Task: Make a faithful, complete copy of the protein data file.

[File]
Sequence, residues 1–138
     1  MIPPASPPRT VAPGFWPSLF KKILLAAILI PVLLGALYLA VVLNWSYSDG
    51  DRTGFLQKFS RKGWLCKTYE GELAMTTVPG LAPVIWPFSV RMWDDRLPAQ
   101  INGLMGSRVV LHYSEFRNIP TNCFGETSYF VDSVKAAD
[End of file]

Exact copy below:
Sequence, residues 1–138
     1  MIPPASPPRT VAPGFWPSLF KKILLAAILI PVLLGALYLA VVLNWSYSDG
    51  DRTGFLQKFS RKGWLCKTYE GELAMTTVPG LAPVIWPFSV RMWDDRLPAQ
   101  INGLMGSRVV LHYSEFRNIP TNCFGETSYF VDSVKAAD